One of the study’s authors, Stanford’s Thomas Dee, writes, “We found that a disproportionate share of low-performing teacher exits are from high-poverty schools. Our results indicate that DCPS is able to accurately identify low-performing teachers and consistently replace them with teachers who are more effective in raising student achievement, particularly in high-poverty schools.” (Emphasis added.)

The Washington Post’s Emma Brown writes, the departure of teachers who score poorly on IMPACT is beneficial “because student scores on math and reading tests tend to improve substantially after such teachers depart….” Brown adds thatstudent scores tend to drop slightly when high-performing teachers leave their assignment for another school or district, presumably because it is difficult to find replacements who are as effective. But overall, “because of the strong positive effect of exiting low-performing teachers, turnover under IMPACT led to an improvement in average student achievement, the study found.”

Additionally, as reported by the Wall Street Journal, the researchers find that 46 percent of low-performing teachers in D.C. leave each year, “which is more than three times the attrition rate of high-performers. It turns out that the mere threat of removal encourages many low-scorers to quit or shape up, and those who leave are generally replaced with better teachers.”

The authors of the study acknowledge concerns that high-performing teachers in D.C. may leave because of “the stress of high-stakes evaluation.” But James Wyckoff, the study’s other author said, “While these are reasonable concerns and in some situations this may occur, overall our analysis suggests they don’t hold true at DCPS. This likely reflects IMPACT’s design to retain more effective teachers and encourage low-performing teachers to leave.”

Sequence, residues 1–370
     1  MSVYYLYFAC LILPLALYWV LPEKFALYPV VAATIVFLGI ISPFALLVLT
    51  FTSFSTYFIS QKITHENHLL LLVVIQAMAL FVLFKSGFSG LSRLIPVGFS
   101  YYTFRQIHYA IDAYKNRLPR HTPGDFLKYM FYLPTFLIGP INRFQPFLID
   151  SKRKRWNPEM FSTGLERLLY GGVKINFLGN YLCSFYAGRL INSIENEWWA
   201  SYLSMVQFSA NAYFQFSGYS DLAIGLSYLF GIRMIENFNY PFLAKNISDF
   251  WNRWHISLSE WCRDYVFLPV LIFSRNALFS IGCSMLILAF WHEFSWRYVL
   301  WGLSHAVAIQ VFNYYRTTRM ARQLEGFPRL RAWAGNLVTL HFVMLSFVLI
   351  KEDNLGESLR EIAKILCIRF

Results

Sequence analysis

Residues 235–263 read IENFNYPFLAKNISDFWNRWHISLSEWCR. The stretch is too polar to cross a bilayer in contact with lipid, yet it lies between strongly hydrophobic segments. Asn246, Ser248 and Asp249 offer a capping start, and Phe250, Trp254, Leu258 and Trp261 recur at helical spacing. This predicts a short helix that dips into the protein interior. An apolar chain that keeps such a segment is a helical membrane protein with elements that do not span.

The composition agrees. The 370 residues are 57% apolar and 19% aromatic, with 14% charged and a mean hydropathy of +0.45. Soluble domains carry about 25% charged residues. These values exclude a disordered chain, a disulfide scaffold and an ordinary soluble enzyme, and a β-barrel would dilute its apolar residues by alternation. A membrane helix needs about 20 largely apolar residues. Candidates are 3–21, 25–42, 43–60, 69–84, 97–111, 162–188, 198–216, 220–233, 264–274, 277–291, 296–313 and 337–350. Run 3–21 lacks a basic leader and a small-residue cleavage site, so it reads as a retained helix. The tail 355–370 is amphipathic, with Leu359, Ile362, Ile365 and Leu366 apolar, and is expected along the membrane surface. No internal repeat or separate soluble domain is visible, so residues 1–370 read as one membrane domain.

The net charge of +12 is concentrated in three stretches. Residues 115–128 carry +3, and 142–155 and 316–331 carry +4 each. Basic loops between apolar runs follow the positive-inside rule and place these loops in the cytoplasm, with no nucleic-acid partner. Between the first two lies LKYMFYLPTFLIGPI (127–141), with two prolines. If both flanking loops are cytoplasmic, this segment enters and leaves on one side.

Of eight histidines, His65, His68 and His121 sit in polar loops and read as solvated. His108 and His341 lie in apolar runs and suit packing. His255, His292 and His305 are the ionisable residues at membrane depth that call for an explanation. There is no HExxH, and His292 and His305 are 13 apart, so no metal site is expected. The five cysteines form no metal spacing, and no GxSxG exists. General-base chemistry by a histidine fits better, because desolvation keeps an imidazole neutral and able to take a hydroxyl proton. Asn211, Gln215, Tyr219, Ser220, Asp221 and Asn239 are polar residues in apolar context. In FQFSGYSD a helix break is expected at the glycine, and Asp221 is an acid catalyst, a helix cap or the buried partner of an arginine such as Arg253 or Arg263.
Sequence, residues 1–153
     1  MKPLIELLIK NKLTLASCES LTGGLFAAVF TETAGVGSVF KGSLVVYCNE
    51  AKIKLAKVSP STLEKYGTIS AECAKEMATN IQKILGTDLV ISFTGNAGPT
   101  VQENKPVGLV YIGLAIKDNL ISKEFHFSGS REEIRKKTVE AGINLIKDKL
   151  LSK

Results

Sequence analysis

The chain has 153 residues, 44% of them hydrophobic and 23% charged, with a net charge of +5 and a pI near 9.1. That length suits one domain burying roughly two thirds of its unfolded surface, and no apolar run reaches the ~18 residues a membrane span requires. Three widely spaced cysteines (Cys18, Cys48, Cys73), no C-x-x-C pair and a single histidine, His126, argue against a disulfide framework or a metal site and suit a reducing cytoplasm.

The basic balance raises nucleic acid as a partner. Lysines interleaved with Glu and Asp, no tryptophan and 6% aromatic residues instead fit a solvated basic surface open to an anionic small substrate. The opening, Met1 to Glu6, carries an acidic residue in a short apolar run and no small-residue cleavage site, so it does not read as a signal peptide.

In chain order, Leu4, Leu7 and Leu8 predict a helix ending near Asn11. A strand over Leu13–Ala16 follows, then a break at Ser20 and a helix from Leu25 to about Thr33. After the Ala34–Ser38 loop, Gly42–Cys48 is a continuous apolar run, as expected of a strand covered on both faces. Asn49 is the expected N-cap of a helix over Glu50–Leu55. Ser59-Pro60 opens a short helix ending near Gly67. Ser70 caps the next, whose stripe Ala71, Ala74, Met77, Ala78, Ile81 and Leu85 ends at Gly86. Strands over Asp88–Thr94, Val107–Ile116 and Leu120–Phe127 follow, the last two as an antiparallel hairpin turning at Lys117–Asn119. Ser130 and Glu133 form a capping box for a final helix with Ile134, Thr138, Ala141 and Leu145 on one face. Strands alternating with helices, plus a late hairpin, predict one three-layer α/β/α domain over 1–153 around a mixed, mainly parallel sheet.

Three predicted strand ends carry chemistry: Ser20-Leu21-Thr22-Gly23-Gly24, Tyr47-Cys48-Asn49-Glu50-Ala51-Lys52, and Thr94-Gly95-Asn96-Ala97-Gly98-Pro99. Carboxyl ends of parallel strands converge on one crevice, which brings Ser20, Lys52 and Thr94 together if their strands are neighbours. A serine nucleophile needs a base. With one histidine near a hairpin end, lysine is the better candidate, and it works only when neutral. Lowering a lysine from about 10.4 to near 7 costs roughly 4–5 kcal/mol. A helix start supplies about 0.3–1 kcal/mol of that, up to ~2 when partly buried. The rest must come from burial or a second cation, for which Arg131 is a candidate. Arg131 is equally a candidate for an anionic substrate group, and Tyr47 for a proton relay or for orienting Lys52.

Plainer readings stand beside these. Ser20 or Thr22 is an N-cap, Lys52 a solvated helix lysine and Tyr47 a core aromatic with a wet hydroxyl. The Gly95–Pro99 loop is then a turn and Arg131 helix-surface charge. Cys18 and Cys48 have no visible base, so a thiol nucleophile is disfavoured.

The unions have been uncharacteristically silent in the week since the report has surfaced, just as they were in 2013 when a study revealed similar results. But I’m sure they are busy at union command-central figuring out how they can negatively characterize the retention of good teachers, paying them well and unloading dead weight. The spin on this one could leave us all in a vertigo-like state.

Larry Sand, a former classroom teacher, is the president of the non-profit California Teachers Empowerment Network – a non-partisan, non-political group dedicated to providing teachers and the general public with reliable and balanced information about professional affiliations and positions on educational issues. The views presented here are strictly his own.

Parents, Students, Businessmen, Mayors, Reformers, Civil Rights Groups, Conservatives, Liberals et al vs. Teachers Unions

It seems as if most of the civilized world is squaring off against the teachers unions these days; California’s SB 441 is the latest battle.

As a way to put some teeth in a moribund teacher evaluation system in California, State Senator Ron Calderon has written SB 441, a very modest bill, which would at long last begin to address a deplorable situation.

The bill would do the following: